Yoga is an effective, safe way to tone and open the body in preparation for birth, but did you know that yoga can also aid in the re-positioning of a breech baby? A breech baby is a baby who is not yet in birth position ("birth position" means that the baby is presenting head down, facing the mother's cervix.). There are a few different types of breech positions: baby's bottom facing mother's cervix (frank breech), baby's feet facing mother's cervix (footling breech), lying transverse, etc. When the baby is in birth position and his/her head is presenting down towards the mother's cervix, it allows for the head to exit first which creates enough opening so that the rest of the baby's body can follow.
Your health care professional or midwife will inform you if your baby is in breech position. Below, I have outlined a few poses and yoga practices which can help expecting mothers with breech babies at weeks 34-37 coax the baby into birth position. You will notice that some of these poses are inversions (upside-down/ heart above head shapes) which are normally avoided at a point after the third trimester, to prevent the baby from becoming breech if it has already taken birth positioning. However, if the baby is breech, gravity can be used in inversions to help bring the baby's head lower, into the mother’s pelvis. We want to use gravity to our advantage here.
Do not practice inversions if you have any known heart conditions or high blood pressure, as being upside down can place greater strain on the heart, especially when pregnant. A healthy heart should have no issue with inversions, but if you're still apprehensive, you can practice the inverted poses (marked with a *) in increments of 30 seconds, taking a 1-2 minute rest in between.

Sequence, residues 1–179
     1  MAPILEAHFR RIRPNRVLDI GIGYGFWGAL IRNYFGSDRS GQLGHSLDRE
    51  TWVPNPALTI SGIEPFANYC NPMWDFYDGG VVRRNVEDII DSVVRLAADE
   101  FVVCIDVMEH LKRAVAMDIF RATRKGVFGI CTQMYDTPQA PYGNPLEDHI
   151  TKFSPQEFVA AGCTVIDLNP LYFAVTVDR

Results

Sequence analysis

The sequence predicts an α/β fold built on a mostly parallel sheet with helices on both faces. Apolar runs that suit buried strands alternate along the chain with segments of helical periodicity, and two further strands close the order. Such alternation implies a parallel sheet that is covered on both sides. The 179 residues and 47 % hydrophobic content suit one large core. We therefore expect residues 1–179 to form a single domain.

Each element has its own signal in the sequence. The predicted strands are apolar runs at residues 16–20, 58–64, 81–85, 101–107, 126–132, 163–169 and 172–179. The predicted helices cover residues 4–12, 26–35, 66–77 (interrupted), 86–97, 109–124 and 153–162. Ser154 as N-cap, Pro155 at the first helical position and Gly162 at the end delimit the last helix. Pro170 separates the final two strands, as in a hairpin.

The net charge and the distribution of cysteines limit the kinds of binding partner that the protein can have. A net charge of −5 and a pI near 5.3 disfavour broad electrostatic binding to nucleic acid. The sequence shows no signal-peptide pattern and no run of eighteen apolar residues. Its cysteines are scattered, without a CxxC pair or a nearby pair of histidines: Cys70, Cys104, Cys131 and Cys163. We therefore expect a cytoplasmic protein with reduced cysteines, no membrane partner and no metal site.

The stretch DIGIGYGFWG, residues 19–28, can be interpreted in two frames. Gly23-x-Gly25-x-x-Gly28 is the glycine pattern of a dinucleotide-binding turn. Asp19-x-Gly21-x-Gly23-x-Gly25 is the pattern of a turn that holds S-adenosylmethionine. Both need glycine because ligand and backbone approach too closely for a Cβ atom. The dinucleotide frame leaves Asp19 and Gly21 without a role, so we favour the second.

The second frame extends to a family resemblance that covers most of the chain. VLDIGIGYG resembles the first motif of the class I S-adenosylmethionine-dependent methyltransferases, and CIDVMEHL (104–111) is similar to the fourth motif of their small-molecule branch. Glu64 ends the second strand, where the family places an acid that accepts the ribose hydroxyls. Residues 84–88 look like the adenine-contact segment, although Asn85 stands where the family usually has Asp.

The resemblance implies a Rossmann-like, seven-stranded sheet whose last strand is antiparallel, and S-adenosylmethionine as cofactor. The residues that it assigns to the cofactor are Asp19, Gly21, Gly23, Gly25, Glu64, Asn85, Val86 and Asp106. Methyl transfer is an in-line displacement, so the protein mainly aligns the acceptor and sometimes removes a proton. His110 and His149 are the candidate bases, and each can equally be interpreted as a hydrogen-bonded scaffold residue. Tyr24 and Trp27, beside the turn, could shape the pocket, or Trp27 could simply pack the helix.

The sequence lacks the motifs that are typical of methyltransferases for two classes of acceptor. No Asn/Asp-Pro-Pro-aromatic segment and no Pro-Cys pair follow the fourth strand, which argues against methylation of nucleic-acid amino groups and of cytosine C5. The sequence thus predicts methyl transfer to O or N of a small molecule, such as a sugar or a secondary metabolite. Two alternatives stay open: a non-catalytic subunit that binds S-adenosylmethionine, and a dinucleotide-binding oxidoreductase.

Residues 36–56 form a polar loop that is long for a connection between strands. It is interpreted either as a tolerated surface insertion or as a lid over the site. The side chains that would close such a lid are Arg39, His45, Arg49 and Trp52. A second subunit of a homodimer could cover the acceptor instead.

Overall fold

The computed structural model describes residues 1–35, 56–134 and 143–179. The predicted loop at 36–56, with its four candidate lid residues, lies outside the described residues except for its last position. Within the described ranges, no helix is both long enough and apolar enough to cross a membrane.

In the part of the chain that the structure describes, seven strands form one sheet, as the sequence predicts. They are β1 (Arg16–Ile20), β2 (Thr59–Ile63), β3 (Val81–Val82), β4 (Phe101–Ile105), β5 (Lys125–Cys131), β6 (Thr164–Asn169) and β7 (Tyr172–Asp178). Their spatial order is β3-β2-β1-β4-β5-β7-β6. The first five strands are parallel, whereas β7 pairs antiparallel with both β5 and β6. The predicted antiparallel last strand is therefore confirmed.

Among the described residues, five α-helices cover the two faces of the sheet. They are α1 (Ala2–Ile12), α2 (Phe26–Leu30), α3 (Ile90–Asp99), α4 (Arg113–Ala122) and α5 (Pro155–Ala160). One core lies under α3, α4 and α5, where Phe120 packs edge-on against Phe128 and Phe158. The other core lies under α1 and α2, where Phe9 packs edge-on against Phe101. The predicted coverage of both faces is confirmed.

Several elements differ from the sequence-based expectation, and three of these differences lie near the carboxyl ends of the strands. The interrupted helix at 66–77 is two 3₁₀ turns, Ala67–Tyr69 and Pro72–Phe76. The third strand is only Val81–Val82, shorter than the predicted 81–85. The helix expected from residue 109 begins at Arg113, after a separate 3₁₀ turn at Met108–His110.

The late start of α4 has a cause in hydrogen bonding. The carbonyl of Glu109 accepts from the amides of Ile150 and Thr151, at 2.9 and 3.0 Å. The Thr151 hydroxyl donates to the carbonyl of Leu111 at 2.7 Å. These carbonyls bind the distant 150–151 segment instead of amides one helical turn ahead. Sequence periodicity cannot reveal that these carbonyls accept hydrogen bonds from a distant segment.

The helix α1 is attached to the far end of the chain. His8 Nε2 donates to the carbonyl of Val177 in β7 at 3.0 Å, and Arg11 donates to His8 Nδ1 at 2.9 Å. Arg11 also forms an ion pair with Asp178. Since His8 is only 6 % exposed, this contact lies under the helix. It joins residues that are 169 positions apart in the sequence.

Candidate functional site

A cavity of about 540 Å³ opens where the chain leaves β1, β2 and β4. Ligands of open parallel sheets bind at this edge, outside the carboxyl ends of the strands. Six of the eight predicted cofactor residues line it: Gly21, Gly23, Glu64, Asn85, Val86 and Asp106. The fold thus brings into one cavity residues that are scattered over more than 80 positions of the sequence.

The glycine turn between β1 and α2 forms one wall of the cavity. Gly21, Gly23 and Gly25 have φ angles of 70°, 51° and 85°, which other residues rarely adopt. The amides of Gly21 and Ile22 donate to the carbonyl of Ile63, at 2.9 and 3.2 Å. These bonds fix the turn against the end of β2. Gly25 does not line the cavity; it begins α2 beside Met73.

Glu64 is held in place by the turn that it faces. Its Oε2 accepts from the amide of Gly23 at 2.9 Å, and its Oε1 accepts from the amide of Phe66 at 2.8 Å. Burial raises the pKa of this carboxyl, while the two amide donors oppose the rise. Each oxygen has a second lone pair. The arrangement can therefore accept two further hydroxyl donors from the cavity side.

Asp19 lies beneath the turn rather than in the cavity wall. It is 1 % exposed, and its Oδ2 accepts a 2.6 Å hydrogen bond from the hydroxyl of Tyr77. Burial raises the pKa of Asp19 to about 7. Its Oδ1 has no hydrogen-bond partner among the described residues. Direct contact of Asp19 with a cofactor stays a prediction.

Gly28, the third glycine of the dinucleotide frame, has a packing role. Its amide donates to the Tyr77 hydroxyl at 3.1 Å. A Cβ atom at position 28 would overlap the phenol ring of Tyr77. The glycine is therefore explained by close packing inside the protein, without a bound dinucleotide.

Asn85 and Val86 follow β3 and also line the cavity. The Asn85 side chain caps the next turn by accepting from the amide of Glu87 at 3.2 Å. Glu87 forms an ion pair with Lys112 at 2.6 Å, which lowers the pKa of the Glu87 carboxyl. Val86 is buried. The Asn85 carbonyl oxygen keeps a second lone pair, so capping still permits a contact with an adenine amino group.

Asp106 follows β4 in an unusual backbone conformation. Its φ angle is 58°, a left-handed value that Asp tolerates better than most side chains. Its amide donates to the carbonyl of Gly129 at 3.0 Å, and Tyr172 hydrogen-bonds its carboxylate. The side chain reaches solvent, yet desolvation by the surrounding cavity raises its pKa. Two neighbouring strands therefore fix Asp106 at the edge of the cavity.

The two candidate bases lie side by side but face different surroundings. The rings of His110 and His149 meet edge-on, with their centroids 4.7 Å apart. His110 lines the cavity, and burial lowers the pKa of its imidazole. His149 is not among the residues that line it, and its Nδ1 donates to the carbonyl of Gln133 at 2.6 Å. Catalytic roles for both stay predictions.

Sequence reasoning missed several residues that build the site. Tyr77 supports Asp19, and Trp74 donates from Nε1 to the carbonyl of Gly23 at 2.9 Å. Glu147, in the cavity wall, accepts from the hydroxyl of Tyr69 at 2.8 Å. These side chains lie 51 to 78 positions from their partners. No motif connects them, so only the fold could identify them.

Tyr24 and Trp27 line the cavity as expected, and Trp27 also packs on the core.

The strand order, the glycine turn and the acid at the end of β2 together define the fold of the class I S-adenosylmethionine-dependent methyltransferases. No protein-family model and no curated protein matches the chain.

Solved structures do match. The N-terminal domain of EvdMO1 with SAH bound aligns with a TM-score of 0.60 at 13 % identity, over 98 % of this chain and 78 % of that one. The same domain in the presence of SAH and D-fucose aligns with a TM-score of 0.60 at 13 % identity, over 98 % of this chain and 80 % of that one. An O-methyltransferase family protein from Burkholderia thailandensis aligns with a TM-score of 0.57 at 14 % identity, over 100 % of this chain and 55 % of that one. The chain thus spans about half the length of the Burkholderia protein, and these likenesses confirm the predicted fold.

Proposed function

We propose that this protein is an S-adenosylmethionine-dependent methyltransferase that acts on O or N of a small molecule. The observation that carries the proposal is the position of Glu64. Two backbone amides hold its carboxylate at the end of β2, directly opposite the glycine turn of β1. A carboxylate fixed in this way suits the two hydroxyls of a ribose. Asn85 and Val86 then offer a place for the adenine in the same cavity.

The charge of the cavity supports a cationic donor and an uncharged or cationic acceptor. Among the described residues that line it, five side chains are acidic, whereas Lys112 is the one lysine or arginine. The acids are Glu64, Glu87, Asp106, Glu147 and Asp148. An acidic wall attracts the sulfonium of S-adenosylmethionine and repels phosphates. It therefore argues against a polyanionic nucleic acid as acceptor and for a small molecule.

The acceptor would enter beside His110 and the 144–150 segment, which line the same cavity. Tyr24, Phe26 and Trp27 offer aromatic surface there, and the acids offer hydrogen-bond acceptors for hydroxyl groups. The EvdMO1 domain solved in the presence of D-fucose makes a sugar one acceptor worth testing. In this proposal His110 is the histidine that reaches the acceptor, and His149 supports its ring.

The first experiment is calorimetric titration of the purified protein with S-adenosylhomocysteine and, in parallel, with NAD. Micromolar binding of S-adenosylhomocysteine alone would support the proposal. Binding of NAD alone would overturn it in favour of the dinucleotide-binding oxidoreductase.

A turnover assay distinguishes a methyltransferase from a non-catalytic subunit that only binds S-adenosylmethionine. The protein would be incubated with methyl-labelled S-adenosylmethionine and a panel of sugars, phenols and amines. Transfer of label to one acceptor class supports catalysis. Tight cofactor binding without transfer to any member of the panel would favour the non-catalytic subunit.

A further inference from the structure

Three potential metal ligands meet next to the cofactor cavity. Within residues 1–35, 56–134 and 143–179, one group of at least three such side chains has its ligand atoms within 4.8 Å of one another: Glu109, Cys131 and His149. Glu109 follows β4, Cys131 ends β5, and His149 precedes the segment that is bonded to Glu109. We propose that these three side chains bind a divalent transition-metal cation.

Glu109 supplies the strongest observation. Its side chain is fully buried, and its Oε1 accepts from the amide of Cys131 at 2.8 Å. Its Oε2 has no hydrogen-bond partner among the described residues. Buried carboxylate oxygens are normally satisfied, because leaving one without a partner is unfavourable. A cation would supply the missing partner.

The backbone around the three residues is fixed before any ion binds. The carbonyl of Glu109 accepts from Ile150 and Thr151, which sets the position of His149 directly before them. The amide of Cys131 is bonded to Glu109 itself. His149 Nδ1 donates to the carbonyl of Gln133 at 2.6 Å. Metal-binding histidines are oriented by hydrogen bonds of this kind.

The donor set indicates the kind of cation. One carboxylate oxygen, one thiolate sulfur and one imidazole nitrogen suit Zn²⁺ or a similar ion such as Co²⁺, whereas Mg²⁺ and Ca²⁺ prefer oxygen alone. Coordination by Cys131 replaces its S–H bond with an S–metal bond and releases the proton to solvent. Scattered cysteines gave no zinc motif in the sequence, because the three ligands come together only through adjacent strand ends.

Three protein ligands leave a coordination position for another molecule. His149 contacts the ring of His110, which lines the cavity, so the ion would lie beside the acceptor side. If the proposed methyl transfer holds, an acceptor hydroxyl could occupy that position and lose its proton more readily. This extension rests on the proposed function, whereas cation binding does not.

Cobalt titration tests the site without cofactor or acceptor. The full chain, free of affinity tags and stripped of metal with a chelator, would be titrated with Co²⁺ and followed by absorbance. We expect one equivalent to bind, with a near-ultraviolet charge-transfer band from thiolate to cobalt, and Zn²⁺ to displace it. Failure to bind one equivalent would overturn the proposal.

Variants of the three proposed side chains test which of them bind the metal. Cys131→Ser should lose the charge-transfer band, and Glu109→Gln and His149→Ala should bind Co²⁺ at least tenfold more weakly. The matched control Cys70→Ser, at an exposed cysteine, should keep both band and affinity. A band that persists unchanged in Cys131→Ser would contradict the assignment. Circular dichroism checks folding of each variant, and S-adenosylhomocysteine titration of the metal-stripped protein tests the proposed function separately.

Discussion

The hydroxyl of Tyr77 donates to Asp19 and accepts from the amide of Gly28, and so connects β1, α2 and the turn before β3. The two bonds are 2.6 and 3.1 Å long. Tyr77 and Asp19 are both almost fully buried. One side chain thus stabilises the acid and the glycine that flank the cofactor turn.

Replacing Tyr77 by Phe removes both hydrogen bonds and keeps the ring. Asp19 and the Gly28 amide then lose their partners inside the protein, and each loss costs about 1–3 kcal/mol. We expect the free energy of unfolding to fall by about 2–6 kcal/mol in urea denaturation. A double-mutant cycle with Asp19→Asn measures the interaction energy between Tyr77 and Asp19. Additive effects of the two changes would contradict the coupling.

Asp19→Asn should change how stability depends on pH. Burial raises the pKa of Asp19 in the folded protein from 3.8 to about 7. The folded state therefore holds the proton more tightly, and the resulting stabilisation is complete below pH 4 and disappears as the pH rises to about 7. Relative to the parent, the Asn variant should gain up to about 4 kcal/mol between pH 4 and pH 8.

Remember: don't stress. Breathe. Trust yourself and trust your baby to find the proper position. If you have developed a mantra in your yoga or birth prep classes, this is a great time to put it into practice! If your baby is in breech position, it is more important than ever that you work to prevent stress and tension from creeping into your life and body. Do your part by practicing these poses (and any other yoga poses that help you to relax) with consistency. When you find a balanced, open body, the baby will be more likely to spontaneously turn into birth position.
PHOTO CREDIT: Yoga Outlet
1. Downward Facing Dog*
Perfect for those of you who already have a yoga practice. Practice this familiar pose with a spotter. If you worry about your heels slipping, place your feet against a wall. You are angling your uterus and bringing yourself into the position which you wish the baby to be in. Breathe here for as long as you feel comfortable, or do 3-5 sets of 30 second increments.
VIDEO CREDIT: Restore353
2. Supported Bridge Pose*
This pose can be practiced a couple of different ways. If you have access to yoga props such as blocks and bolsters, those are helpful. Otherwise, a stack of blankets or cushions will work. Alternatively, access to a wall will do. Position yourself in a bridge pose. You can even do a few rolling bridges to warm up the spine and pelvis. Bring a stack of two blocks or any amount of padding adding up to roughly a foot in height beneath your pelvis to support you.
If you have no props or padding, lie down with knees bent and your feet against a wall, so that your legs are a a right angle. Press your feet into the wall and slowly roll your spine off of the floor until your hips are in the air. Keep the weight in your feet, and hamstrings engaged. Breathe here for as long as you feel comfortable, or do 3-5 sets of 30 second increments.
PHOTO CREDIT: RESTORE353
3. Modified Cat/Cow Pose
Sometimes known as knee-chest pose, I simply think of this as another form of cat/cow pose. Come, as with a normal cat/cow, to your hands and knees, and then lower to your forearms so that your hips are the highest part of your body. Then, simply move intuitively through some cat/cow spines, cat/neutral spine, circle out your hips, whatever feels good here. You want to make space in your pelvis and abdomen, and feel good doing it.
Do these poses whenever you have a free moment in your day. The more times, the better!! Make it a habit!
Stay active. In addition to practicing these poses, Take at least one 20 minute walk per day to keep your body loose and active. Talk to your baby, and express what you want to happen. Relax, and breathe.